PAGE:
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Paul Fordham, deputy executive director of Novato’s Homeward Bound of Marin, wins a North Bay Business Journal Nonprofit Leadership Award

Paul Fordham

Deputy Executive Director

Homeward Bound of Marin

1385 North Hamilton Parkway, Novato 94949

415-382-3363

www.hbofm.org/

Professional background: I have served as deputy executive director of Homeward Bound since 2010, following six years with the organization’s development department. Previously, I worked in homeless services at Loaves and Fishes in Sacramento, and Julian House Shelter in England.

Fueled by a belief in the power and possibility of change, I have helped Homeward Bound launch fundraising strategies, develop social enterprises, and create nationally replicated programs such as the first ‘Nonprofit IPO.’ In 2015, I received a Martin Luther King, Jr. Humanitarian Award from the Marin County Human Rights Commission.

Education: University of Wales, Swansea, UK, Bachelor of Arts degree in English Literature and American Studies

Number of staff: 89

Describe your organization: Founded in 1974, Homeward Bound has grown to become the leading provider of shelter and supportive housing for people in Marin struggling with homelessness and pressing poverty, including working families, youth, veterans, seniors, and individuals with incarceration histories, disabilities, or mental health challenges.

Our mission of “opening doors to safety, dignity, hope, and independence,” is underscored by a vision that “everyone deserves a place to call home.”

With 16 residential options ranging from Marin’s only year-round emergency shelters to permanent supportive housing, Homeward Bound serves 1,000 people annually. We provide an array of services to help people achieve self-sufficiency and build pathways out of homelessness, including benefits access, health care linkages, housing navigation, case management, food assistance, and job training.

What is your role in the organization?

As deputy executive director at Homeward Bound of Marin I feel privileged to wear many different hats. I am involved in fundraising, social enterprise business development, program oversight, and strategic planning.

I do everything from making mini-documentary videos to help homeless clients tell their stories to advocating for affordable housing development at City Council meetings.

Along with the amazing Homeward Bound team, I have led four major capital campaigns, raising over $31 million in capital funding in recent years and have overseen development of several social enterprise initiatives including a celebrity chef cooking series, a line of dog treats, and an events and catering space.

How has your organization been affected by the COVID-19 pandemic?

Homeward Bound has adapted to serve more people and vastly expand our role in Marin because of COVID-19. As a provider of essential services, our programs have grown to assist the community at this extremely challenging time.

Our top priority remains keeping people safe, healthy, and nourished in our congregate shelter and housing programs, including staff who cannot work remotely due to the nature of their essential jobs.

Homeward Bound’s staff are stretching their roles by managing new programs that allow people without homes to receive safe shelter.

We are also providing increased food assistance, virtual case management, and purchasing more cleaning products plus personal protective equipment.

In addition, our culinary team has pivoted to providing and distributing more meals to people in our programs, as well as low-income seniors in northern Marin through a new program funded by the State.

Our award-winning culinary job training program canceled classes this spring, but re-launched over the summer in a revised format as an advanced training curriculum with in-depth instruction and empowerment skills classes for people fulfilling supportive employment roles in our kitchens.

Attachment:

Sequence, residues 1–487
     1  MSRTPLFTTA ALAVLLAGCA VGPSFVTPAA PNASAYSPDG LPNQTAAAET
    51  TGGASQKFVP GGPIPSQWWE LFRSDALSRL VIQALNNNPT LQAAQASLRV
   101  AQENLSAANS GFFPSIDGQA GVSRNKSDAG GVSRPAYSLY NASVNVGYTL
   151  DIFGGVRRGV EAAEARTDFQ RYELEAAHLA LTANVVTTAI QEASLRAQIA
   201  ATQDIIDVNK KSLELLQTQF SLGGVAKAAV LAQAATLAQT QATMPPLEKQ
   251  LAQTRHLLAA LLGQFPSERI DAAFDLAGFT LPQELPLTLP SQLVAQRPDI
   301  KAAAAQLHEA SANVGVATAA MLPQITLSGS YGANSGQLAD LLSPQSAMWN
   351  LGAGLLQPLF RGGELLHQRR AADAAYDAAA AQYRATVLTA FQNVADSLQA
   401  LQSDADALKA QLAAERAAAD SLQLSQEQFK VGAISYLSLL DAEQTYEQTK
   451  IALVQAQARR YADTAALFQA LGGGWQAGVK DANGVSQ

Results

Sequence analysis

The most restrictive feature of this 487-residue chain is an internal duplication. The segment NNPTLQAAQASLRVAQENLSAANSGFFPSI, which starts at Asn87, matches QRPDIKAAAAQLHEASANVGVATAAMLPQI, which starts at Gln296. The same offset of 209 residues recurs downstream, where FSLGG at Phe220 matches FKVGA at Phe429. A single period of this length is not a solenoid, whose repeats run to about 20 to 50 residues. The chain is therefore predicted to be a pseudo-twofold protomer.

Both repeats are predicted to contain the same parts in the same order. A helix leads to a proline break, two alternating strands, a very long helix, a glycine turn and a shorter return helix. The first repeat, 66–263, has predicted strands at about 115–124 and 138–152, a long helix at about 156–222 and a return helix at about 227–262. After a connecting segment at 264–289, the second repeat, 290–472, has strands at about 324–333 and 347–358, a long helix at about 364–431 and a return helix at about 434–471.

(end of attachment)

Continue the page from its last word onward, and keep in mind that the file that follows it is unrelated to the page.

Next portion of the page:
What are the ways your organization responded to increased demands for services, and fiscally, in what has your organization been forced to adjust?

As the pandemic persists, we continue opening our hearts and doors to people without a place to call home. Our essential programs for people struggling with a crisis of homelessness in Marin County have grown to keep vulnerable people safely sheltered during this critical time.

Adjusted school schedules and the economic fallout have resulted in Marin’s homeless families being acutely affected though job loss, lack of childcare, and no means to pay rent.

As people continue seeking safe refuge at our shelters and many are without jobs, we have seen an unprecedented surge for assistance, especially food relief.

At the same time, most of our community’s local pantries remain closed, putting residents in an extremely precarious situation as they are no longer able to access these vital resources to sustain themselves and their families.

Paul Fordham

Deputy Executive Director

Homeward Bound of Marin

1385 North Hamilton Parkway, Novato 94949

415-382-3363

www.hbofm.org/

To make sure people are staying nourished, we are providing weekly deliveries of pantry boxes to single adults and parents with school-age children as they face both unemployment and lack of childcare. For residents of our shelter and group housing programs, we are delivering and distributing thousands of monthly meals.

In addition, we have expanded beyond homeless services by participating in California’s ‘Great Plates Delivered Program,’ to prepare and home-deliver daily dinner and breakfast meals for Marin’s vulnerable seniors.

For six months, we also supported families and single adults receiving temporary refuge in local hotels, providing them with food, case management, and connections to permanent housing.

In our site-based shelter and housing programs, we continue mask-wearing, cleaning, temperature-checking, and maintaining social distancing among residents and staff alike.

We have also worked with the county to coordinate on-site COVID-19 testing for residents and employees.

Like other nonprofits at this difficult juncture, our organization is facing losses of critical operating revenue while also filling gaps for greatly increased needs such as food, cleaning supplies, rental assistance, and staffing. As we continue expanding services, we are stretching the limits of our budget to keep pace with demand while trying to balance shortfalls from canceled fundraising events.